Farrah “Digit” Higgins may be going to MIT in the fall, but this L.A. high school genius has left her geek self behind in another school district so she can blend in with the popular crowd at Santa Monica High and actually enjoy her senior year.
But when Farrah, the daughter of a UCLA math professor, unknowingly cracks a terrorist group’s number sequence, her laid-back senior year gets a lot more interesting. Soon she is personally investigating the case, on the run from terrorists, and faking her own kidnapping—all while trying to convince a young, hot FBI agent to take her seriously. So much for blending in…
Want to hear the nerdiest confession of all time? Yes? You know that show NUMB3RS about the crime-solving Doogie Howser-like math professor that used to be on tv? The one geared toward a demographic decades older than me? Well…I liked it. I did. In my defense, I think it’s because I absolutely hate math. Or more accurately, I am awful at math. Turrible. So bad at it that I fear it on a visceral, primal level. When I encounter a math problem in my daily life my reaction usually looks something like this:
I find it fascinating that there are actually people out there who are good at math and don’t wet themselves if they have to do something more difficult than long division. Who are these freaks?
Well, one of them is the fictional Farrah Higgins. She’s so good at math that she has earned the “nerdy” nickname Digit. Hey listen kids…maybe it’s not cool to be good at math in high school, but it sure as hell would be nice to be a math genius as an adult. Rumor has it that being a professor or consulting with the government or being an astrophysicist pays much better than having a liberal arts degree in, say, history. Ahem. Digit has spent most of her high school existence hiding from what she is – namely, smart – and acting like the rest of the unwashed masses in order to fit in with the popular crowd. I found her likeable when she was being herself instead of trying to go with the crowd.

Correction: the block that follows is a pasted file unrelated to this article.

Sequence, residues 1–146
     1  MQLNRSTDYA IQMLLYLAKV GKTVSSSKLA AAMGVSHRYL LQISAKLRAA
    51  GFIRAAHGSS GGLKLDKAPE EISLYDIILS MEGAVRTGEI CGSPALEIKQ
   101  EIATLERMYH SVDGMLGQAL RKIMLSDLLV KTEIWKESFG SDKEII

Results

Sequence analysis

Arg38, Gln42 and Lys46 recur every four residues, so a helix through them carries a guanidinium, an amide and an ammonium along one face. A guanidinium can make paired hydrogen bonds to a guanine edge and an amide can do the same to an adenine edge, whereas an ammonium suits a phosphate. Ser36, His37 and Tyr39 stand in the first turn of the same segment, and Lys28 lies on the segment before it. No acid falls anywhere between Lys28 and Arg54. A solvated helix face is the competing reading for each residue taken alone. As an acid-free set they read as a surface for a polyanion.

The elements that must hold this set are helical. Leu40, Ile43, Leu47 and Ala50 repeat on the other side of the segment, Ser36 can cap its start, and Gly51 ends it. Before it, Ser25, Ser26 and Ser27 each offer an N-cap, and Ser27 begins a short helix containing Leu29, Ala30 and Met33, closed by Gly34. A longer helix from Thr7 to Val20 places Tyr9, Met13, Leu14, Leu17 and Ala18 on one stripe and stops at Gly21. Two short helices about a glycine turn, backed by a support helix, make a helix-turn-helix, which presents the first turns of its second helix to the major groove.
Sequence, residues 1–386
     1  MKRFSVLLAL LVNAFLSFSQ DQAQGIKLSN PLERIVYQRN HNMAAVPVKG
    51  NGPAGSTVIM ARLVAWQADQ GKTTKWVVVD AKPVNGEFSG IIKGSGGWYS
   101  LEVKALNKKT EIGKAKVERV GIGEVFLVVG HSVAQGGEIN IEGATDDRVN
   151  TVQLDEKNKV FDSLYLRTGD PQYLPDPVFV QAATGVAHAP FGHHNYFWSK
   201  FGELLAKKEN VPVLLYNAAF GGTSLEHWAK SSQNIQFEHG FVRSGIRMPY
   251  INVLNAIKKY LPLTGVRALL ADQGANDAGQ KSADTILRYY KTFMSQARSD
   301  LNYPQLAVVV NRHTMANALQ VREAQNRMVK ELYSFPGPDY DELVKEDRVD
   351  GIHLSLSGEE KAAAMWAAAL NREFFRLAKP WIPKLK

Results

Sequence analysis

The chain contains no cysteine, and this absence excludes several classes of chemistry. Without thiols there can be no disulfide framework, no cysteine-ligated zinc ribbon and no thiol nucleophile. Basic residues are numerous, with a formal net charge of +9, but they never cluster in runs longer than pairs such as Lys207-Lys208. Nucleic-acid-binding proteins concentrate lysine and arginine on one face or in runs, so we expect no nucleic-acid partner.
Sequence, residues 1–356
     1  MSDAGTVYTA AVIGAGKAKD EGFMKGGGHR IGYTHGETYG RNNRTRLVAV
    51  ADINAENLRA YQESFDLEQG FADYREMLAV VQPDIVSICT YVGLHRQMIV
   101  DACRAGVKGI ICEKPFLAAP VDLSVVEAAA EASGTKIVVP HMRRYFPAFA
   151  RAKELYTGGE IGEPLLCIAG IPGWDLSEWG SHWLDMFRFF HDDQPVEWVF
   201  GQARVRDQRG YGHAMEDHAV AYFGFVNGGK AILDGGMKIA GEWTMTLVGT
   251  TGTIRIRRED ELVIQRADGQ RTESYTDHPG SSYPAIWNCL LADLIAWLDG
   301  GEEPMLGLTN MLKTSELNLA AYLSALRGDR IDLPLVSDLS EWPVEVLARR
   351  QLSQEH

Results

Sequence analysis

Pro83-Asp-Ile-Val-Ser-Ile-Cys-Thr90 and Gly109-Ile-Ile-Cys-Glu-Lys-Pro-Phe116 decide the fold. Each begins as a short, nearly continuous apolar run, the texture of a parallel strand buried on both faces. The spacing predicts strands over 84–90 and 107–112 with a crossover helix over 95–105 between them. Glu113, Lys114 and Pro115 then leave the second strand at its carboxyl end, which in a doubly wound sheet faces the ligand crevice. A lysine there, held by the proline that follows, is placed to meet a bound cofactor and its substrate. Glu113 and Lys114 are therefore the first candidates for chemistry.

I did find it a little tough to believe that terrorists would use broadcast television to pass their secret messages, and even *I* know what a Fibonaci sequence is (or the definition, anyway…thank you, NUMB3RS). You’d think they’d be a little more careful with their information. I did appreciate the fact that Monaghan made them domestic terrorists and created an entire fictional crusade when it would have been so easy to take the lazy way out.
A Girl Named Digit is a light, beachy read. Granted beach season is basically over now, but it can be read in other places as well. I read it in my living room, for example. And it’s super short and a quick/easy read, so if you’re looking for something a bit fluffy you might give this one a try. It’s cute but not really challenging in any way, despite it being about satan’s favorite subject, math.